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Upon these downs, these meads, these rocks, these

And peace still slumber by these purling fountains !
Which we may every year
Find, when we come a-fishing here.


Tears at the grave of Sir Albertus Morton, who was

buried at Southampton ;


Silence; in truth, would speak my sorrow best,

For deepest wounds can least their feelings tell ; Yet, let me borrow from mine own unrest,

But time to bid him, whom I lov’d, farewell.

Oh my unhappy lines ! you that before

Have served my youth to vent some wanton cries, And now, congeald with grief, can scarce implore

Strength to accent ! Here my Albertus lies !

This is the sable stone, this is the cave

And womb of earth that doth his corpse embrace. While others sing his praise, let me engrave

These bleeding numbers to adorn the place.

Here will I paint the character of woe,

Here will I pay my tribute to the dead; And here my faithful tears in showers shall flow,

To humanize the flints whereon I tread:

Where, though I mourn my matchless loss alone,

And none between my weakness judge and me; Yet e’en these pensive walls allow my moan, ..

Whose doleful echoes to my plaints agree.

But he is gone! and dwell I rhyming here

As if some muse would listen to my lay, When all distun'd sit waiting for their dear, And bathe the banks where he was wont to


Dwell thou in endless light, discharged soul,

Freed now from nature's and from fortune's trust, While on this fluent globe my glass shall roll,

And run the rest of my remaining dust.

Upon the Death of Sir A. Morton's Wife.

He first deceased; she, for a little tried
To live without him, lik’d it not, and died.


The son of a wealthy tanner in Wiltshire, born about 1509,

educated at Oxford, and in the Middle Temple ; practised as a barrister ; was elected a burgess in Parliament in 1601; and, after the death of Elizabeth, was successively promoted, by King James, to the offices of solicitor and attorney-general, and judge of Assize in Ireland, and of serjeant at law, and chief justice of the King's Bench in England; but died in 1626, before he could enter upon the duties of

this office. His poem“ on the Immortality of the Soul,” is a noble monument of his learning, acuteness, command of language, and facility of versification. His similies (as Mrs. Cowper and Mr. Headley have justly observed) are singularly happy; always enlivening, and often illustrating his abstruse and difficult subject : but while we admire his wit and in. genuity, we sometimes regret the more indefinite, but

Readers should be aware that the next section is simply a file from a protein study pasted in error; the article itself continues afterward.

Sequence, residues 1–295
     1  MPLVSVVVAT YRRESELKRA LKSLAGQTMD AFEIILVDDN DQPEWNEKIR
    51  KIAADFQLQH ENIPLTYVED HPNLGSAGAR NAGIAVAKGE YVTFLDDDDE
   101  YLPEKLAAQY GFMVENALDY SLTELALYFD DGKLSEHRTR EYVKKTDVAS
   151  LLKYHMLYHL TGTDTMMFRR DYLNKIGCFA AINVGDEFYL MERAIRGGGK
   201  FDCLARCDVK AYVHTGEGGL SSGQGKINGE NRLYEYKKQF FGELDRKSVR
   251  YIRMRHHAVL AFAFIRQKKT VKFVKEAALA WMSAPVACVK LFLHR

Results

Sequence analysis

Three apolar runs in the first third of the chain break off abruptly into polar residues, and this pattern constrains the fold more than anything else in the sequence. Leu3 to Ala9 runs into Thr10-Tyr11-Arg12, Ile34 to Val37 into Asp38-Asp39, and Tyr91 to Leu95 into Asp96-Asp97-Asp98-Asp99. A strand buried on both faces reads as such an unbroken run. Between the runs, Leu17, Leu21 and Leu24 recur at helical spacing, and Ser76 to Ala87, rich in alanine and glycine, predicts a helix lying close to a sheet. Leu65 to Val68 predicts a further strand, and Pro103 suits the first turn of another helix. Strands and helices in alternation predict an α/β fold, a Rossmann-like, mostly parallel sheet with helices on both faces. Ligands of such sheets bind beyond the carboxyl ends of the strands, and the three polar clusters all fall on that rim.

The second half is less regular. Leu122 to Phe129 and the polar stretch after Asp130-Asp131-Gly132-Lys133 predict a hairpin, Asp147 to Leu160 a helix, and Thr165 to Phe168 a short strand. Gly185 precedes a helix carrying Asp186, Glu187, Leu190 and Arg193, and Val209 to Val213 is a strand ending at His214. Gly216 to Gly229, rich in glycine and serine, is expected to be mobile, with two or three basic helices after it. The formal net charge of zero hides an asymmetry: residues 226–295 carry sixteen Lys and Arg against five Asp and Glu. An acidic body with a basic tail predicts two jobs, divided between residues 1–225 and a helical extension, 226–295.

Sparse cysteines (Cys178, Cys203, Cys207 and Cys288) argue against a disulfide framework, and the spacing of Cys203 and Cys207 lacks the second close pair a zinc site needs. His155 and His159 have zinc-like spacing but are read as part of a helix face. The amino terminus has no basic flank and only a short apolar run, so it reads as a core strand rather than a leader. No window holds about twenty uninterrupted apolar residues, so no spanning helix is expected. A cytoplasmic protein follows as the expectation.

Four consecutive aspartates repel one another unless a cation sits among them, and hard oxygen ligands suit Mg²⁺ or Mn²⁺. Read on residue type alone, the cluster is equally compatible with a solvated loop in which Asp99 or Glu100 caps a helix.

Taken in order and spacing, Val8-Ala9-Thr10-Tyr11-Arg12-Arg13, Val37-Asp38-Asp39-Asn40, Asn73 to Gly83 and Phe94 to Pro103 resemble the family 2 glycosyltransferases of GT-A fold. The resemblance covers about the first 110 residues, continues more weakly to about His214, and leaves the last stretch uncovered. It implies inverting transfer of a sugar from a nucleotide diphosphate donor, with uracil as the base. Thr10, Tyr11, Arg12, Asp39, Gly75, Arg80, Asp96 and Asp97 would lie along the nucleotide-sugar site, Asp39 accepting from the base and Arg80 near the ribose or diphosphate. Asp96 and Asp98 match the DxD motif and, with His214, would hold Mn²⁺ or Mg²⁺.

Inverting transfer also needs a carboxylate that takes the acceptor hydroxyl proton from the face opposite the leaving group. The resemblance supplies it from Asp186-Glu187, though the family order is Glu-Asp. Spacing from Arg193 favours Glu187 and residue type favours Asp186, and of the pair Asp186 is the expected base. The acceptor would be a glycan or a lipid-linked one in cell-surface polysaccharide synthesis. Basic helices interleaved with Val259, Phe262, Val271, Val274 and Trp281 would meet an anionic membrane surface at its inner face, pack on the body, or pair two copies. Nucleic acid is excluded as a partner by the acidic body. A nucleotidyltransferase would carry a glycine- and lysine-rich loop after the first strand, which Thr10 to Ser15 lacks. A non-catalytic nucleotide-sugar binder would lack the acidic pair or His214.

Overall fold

sublimer conceptions of his model, Lucretius. Besides the “ Nosce Teipsum,” he composed (but, perhaps,

never finished) a poem “ on Dancing;" and twenty-six Acrostick Hymns, on the words Elizabetha Regina, one of which is here given. They are probably the best acrosticks ever written, and all equally good; but they seem to prove that their author was too fond of struggling with useless

difficulties. He also (according to Wood) wrote a version of the Psalms,

(never published), and a book of Epigrams. The latter, as appears from Drummond of Hawthornden, are those which stand at the end of Marlowe's “ Translation of Ovid's

“ Epistles," printed at Middleburgh. The reader will judge

of their style by the two following specimens. The Nosce Teipsum was first published in 1599, and again in

1602, 1608, 1619, 1622, &c. His “ Orchestra" appeared in 1596. His Acrostick Hymns in 1599.


Great Captain Međon wears a chain of gold,

Which at five hundred crowns is valued, For that it was his grandsire's chain of old,

When great King Henry Boulogne conquered.

And wear it Medon ! for it may ensue

That thou, by virtue of this massy chain, A stronger town than Boulogne may'st subdue,

If wise men's saws be not reputed vain.

For what said Philip, king of Macedon?

" There is no castle so well fortified “ But, if an ass laden with gold comes on,

" The guards will stoop, and gates fly open wide,"


Fuscus is free, and hath the world at will ;

Yet, in the course of life that he doth lead, He's like a horse, which, turning round a miil,

Doth always in the self-same circle tread.

First, he doth rise at ten; and at eleven

He goes to Gyl's, where he doth eat till one; Then sees a play 'till six; and sups at seven;

And after supper, straight to bed is gone.

And there, till ten next day, he doth remain ;

And then, he dines; and sees a comedy; And then he sups; and goes to bed again:

Thus round he runs without variety: Save that sometimes he comes not to the play, But falls into a brothel by the way.

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